Spain’s Catholic Church agrees to return around 1,000 properties irregularly listed to its name
Prime Minister Pedro Sánchez and Cardinal Juan José Omella reach deal affecting at least 965 assets that the clergy appropriated between 1998 and 2015
The Spanish Catholic Church admitted on Monday that nearly 1,000 properties that it registered to its name between 1998 and 2015 do not really belong to the institution. The admission is intended to bring to an end a long-running scandal but not everyone is satisfied with the result.
Spain’s Franco-era Mortgage Law, which was passed in 1946, has allowed the Church to register thousands of properties in its name via a simple process that a number of law experts say is unconstitutional. In 1998, the conservative Popular Party (PP) government of José María Aznar extended this privilege to also include places of worship. Since then, thousands of properties of all types – cemeteries, smallholdings, chapels and cathedrals – have passed into its hands.
According to the current Spanish government, the Church registered irregularly a total of 34,961 properties between 1998 and 2015. But of this figure, the Church has so far only recognized that 965 of these assets do not officially belong to it – just 2.8% of the total.
The admission on Monday was made at a meeting between the Spanish Prime Minister Pedro Sánchez and the head of the Spanish Episcopal Conference, Cardinal Juan José Omella. In a joint press release, the Church recognized that these 965 properties “belong to a third party or else [the Church] is not aware of having ownership rights” – at no point did it describe them as “irregular.”
The Church signed an agreement with the government in which it committed to helping return the 965 assets to their rightful owners. The list includes 38 cemeteries, 502 rural properties, 151 urban properties and 98 housing units. Half of the assets are located in the Spanish region of Castilla y León, while 101 are in Catalonia.
|Region of Spain||Number of properties|
|Castilla y León||435|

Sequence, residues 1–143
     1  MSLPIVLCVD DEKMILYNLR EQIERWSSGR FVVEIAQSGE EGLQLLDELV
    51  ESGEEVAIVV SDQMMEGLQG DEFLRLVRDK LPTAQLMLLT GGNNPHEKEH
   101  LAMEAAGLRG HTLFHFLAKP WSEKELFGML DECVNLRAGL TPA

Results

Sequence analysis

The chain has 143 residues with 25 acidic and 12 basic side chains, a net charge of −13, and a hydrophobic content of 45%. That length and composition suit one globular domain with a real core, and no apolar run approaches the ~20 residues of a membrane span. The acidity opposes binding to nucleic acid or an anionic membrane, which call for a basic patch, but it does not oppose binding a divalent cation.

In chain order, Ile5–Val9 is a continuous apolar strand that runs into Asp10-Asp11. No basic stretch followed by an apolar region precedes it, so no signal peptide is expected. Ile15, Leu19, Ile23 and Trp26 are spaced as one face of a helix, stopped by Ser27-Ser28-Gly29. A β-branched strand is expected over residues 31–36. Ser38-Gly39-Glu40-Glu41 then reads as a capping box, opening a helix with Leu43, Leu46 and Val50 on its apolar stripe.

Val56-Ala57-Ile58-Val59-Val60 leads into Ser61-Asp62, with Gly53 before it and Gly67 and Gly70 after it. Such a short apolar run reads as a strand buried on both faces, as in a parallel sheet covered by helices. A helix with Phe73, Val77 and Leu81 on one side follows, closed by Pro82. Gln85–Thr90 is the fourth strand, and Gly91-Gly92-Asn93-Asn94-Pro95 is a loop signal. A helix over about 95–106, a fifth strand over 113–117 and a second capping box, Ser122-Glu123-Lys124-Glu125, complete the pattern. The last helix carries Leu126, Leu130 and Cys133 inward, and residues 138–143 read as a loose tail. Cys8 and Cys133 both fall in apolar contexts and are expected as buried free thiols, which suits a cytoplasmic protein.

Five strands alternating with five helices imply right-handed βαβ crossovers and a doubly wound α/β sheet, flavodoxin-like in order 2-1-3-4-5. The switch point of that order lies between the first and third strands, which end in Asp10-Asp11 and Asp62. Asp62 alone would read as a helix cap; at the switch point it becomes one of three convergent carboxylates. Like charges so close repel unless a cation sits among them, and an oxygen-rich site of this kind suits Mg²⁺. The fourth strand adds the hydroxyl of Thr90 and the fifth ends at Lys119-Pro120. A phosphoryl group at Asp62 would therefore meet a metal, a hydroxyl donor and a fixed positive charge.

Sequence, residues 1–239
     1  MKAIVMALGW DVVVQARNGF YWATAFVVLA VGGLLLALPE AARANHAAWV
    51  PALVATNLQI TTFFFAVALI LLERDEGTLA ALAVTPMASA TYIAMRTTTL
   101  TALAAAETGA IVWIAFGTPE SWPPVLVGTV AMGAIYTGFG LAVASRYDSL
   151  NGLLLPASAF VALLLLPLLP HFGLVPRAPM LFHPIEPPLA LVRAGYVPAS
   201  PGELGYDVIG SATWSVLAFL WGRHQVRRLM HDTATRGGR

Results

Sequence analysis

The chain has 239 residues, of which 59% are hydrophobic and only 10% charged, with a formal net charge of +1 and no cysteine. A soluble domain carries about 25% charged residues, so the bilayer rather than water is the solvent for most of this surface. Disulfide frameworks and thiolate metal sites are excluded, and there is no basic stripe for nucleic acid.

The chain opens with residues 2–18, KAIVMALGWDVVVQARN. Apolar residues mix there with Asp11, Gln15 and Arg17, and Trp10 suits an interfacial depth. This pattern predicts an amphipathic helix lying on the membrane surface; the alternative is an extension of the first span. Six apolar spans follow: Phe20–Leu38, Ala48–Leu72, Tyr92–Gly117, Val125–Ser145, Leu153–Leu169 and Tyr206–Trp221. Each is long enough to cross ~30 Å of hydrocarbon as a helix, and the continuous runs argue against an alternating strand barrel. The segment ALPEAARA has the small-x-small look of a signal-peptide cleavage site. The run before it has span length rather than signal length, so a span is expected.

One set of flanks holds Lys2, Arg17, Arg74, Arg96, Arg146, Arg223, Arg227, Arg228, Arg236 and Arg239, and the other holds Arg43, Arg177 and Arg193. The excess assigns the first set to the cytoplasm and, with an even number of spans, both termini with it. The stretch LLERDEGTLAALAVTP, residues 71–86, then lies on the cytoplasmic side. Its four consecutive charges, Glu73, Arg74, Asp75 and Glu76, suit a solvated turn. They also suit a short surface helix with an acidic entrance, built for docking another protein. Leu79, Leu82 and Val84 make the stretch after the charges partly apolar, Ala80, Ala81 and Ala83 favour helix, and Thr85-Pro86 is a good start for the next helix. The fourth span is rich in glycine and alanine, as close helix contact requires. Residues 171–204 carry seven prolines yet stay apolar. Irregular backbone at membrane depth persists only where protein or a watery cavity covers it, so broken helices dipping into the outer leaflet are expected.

The list will now be sent to the Spanish Federation of Municipalities and Provinces, which according to the government will be tasked with identifying the true owners. In other words, the process to return the properties to their original owners or their heirs is now underway. In most cases, however, it is likely that the municipalities where the properties are located will end up keeping them.
But the work is still not over. According to the government, another 73 properties have been identified which have “incomplete or contradictory information and require greater study.” The agreement has also been strongly criticized by the organization Recuperando, which represents 24 groups that are calling for all the properties irregularly registered by the Church to be returned.
Carmen López, from the Castilla y León branch of Recuperando, argues that the Church has many more properties irregularly registered in its name since the Mortgage Law dates back to 1946. “If we take into account all those years, there are 100,000 properties registered this way, with only the certification of the bishop,” she said. “The scandal is enormous and it is still not resolved.”
López also criticized the government’s lack of transparency in its process to reach an agreement with the Church. “They are giving us a result without having spoken to civil society. We don’t know why it has been recognized that these  properties do not belong to them. All registrations made with just an ecclesiastical certificate, as if the Church were an administration, are illegal.”
“The clergy are not in a position of equals to deal with the state. In 1946 we were a Catholic state, but not anymore,” she added.
Spain’s executive, run by a center-left coalition of the Socialist Party (PSOE) and Unidas Podemos, is seeking to develop a good relationship with the Spanish Catholic Church even though there are several contentious issues. One of them is taxation, particularly the fact that the Church is exempt from paying Spain’s property tax, known as IBI. The government wishes to revert this situation.
There is also the highly sensitive matter of abuse against minors. At a meeting last week between Félix Bolaños, the head of prime ministerial affairs, and Cardinal Omella, the former expressed an interest in how the Church is investigating this abuse and conveyed the government’s desire to see all cases resolved quickly, according to a government source.
Little to no progress was reported on the Socialists’ commitment to “review” Spain’s agreements with the Vatican dating back to 1953 and last reviewed in the 1970s, by which the Church received certain privileges. Although the last PSOE congress discussed the need to revise these agreements “within the framework of values and principles of a constitutional democracy,” neither Sánchez nor Bolaños have made it a priority in their recent meetings with Church officials.